Stars of the stage gave messages of "faith and hope" at Sunday's Olivier Awards, as most theatres remain closed because of the pandemic.
Winners encouraged those working in the arts to stay positive about the future, and look ahead to a time when live performances will be able to resume.
Dear Evan Hansen and & Juliet were among the big winners, while Fleabag star Andrew Scott was named best actor.
He urged those in the industry to "keep the faith" as he accepted his trophy.
"I cant wait to be back on the boards and having a laugh again as soon as we can," he said.
The actor won for his performance in the Noel Coward play Present Laughter, and said he was "genuinely thrilled" to win an Olivier.
"A sense of humour that is incredibly important for us people in the theatre," he said. "It's something that's helped us all survive in the last few months during this incredibly arduous time."
'We must know our worth'
The Oliviers are the most prestigious awards event in UK theatre. Sunday's ceremony was hosted by Jason Manford at the London Palladium, and took place without an audience.
Shows which opened in the year to February 2020 were eligible for this year's prizes. The ceremony normally takes place in April, but it was delayed this year due to the pandemic.
Most theatres have remained closed since lockdown was imposed in March, but some venues have tried to re-open with social distancing restrictions in place.
Several of this year's winners praised the freelancers who work in the industry and looked ahead to a time when theatres would be allowed to fully reopen.
Sharon D Clarke, who was named best actress for her performance in Arthur Miller's Death of a Salesman, said theatre professionals must "know their worth".
"We must know what our incredible industry brings not only to the coffers, but to the soul of our nation," she said. "Keep the faith people, we will be back."
Perhaps the most poignant speech of the night came from Marianne Elliott, who jointly won best director with Miranda Cromwell for Death of a Salesman.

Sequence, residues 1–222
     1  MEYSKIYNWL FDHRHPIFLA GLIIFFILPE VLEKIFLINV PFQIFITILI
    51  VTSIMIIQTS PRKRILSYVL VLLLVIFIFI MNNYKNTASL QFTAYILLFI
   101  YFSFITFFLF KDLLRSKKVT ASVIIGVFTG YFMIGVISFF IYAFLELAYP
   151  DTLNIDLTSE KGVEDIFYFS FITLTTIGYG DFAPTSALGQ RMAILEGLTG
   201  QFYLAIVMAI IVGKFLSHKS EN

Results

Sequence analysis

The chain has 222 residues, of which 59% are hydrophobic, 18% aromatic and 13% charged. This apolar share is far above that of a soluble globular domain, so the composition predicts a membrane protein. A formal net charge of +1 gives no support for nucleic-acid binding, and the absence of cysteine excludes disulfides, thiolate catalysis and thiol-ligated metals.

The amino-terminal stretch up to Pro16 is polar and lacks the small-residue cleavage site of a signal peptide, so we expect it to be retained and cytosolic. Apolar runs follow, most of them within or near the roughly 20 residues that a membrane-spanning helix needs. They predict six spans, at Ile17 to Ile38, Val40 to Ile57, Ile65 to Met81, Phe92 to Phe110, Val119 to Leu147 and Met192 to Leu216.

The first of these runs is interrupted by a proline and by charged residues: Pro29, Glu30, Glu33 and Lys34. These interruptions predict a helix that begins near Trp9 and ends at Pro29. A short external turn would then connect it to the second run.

"This is a happy day and this is a sad day, because of what theatre was, and because none of us know when it will properly return," she said.
"Any shows that are happening right now are, let's make no bones about it, running at a loss. All our theatre practitioners are mainly freelancers and a lot of them have slipped through the cracks, and have not had any benefits since March.
"But it is a happy day because it reminds us of what theatre is, what it can do, and how it can touch hearts, minds and souls."
Miriam-Teak Lee, who won best actress in a musical for her leading role in & Juliet, referred to the unusual nature of this year's ceremony.
"Even though it's not the awards show as we know it, it doesn't make it any less special," she said.
The Duchess of Cornwall made an impassioned speech in support of theatre as she presented a special award to lyricist Don Black.
"Those of us who believe in the theatre also believe in its resilience," she said. "It is a cornerstone of a fertile cultural life, a forum for debate, and a powerful means of building community.
"After all, a play can be many things - funny, heartbreaking, cathartic, comforting. It can entertain us for an evening, or enrich the soul forever."
She added: "I should like to thank those of you whose profession is in the theatre for your determination and your flexibility. Please remain resilient - we need you and we have missed you."
Who won what?
Dear Evan Hansen, which debuted in London's West End last year after a hugely successful Broadway run, was named best new musical.
The show tells the story of a young boy with social anxiety, who, in an effort to become more popular, pretends he was close friends with a classmate who took his own life.
Its other prizes included best original score, as well as best actor in a musical for Sam Tutty, who plays the titular character.